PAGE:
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Rev. Dr. Whewell.
the words in question; a very cool, if not a slightly impertinent proceeding! In the course of a few weeks, however, after a practical experience of the Pleasures of Hope,' I received the following laconic reply:
LONDON, 14th Dec. 1840. SIR,-In return to your note I send you my autograph. THOMAS CAMPBELL.
It has long been a common practice for collectors of autographs to apply to distinguished personages for specimens of their handwriting; and before the abolition of franking, Peers and Members of Parliament were frequently favoured with such solicitations. The three following are the replies which I received to applications for their autographs from Dr. Whewell, the late learned Master of Trinity College, Cambridge, Father Mathew the apostle of Temperance, and Miss Eliza Cook. I ought to mention that, in the case of the lady's answer, the handwriting is peculiarly 'perpendicular' in its character :
THE REV. DR. WHEWELL.
7 SUFFOLK STREET, PALL MALL, May 14, 1840.
SIR, I have received your note, and am, yours auto
Miss Eliza Cook.
CORK, 5th July 1847.
MY DEAR FRIEND,-Though painful to my feelings, I cannot refuse compliance with your request. I send the autograph. I am, dear Sir, yours devotedly,
On the fly of the letter:
It is good not to eat flesh, and not to drink wine, nor anything whereby thy brother is offended, or scandalized, or made weak.-ROM. 14 c. 13, 14 V.
For he shall be great before the Lord, and shall drink no wine, nor strong drink.—ST. LUKE I C. 15 v.
MISS ELIZA Cook.
INGRESS ABBEY, GREENHITHE, KENT,
SIR, I accede to your request with great pleasure, and
am, yours very truly,
If 'gentle readers' understand
What human hearts are by the hand,
These amusing communications remind me of some clever lines in a work entitled Gathered Leaves (Virtue, Brothers, and Co., 1865), embracing the poetical effusions of Frank Smedley, author of Frank Fairlegh, etc.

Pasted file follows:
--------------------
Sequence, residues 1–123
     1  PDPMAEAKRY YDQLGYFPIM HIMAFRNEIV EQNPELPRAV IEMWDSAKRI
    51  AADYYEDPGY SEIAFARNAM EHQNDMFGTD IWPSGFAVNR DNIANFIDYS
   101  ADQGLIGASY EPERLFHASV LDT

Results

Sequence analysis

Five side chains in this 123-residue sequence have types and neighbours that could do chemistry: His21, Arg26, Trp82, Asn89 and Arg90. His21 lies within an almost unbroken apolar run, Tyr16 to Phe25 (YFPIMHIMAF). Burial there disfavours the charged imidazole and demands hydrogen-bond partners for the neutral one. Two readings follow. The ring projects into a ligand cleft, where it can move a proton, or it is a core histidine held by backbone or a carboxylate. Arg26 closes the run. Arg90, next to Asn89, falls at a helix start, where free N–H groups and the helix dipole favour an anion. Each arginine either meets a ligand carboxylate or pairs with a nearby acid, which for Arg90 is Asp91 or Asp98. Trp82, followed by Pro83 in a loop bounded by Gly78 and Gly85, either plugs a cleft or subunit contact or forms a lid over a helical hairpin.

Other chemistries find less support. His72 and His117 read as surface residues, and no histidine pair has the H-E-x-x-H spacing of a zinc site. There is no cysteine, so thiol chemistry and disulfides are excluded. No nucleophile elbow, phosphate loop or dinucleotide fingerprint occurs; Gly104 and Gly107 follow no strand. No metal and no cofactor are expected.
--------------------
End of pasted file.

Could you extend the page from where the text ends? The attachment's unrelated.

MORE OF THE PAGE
An African Letter.
To MRS. G. H. VIRTUE.
Thou better half of Virtue, gentle friend,
Before leaving this branch of my subject, I may notice three interesting epistles penned far beyond the pale of European civilisation. Shortly after the lamented death of Captain Speke the traveller, His Highness Sured Majid, one of the most influential of the African chiefs, addressed a very touching letter of condolence to his father, which was intrusted to Colonel Playfair, the British Consul at Zanzibar, for transmission to England. It was accompanied by the following English translation :—
In the name of God the Compassionate, the Merciful. To our distinguished and honoured friend, Mr. Speke, may his glory be perpetuated. May he never cease to be protected from every misfortune, and guarded from every ill afterwards. The reason of our writing this letter is to inquire after your condition. May God avert from us and you every adversity. Secondly, we have heard from the friend of all, Colonel Playfair, consul of the exalted Government, of what has happened to your son, our friend Captain Speke, and our heart is grieved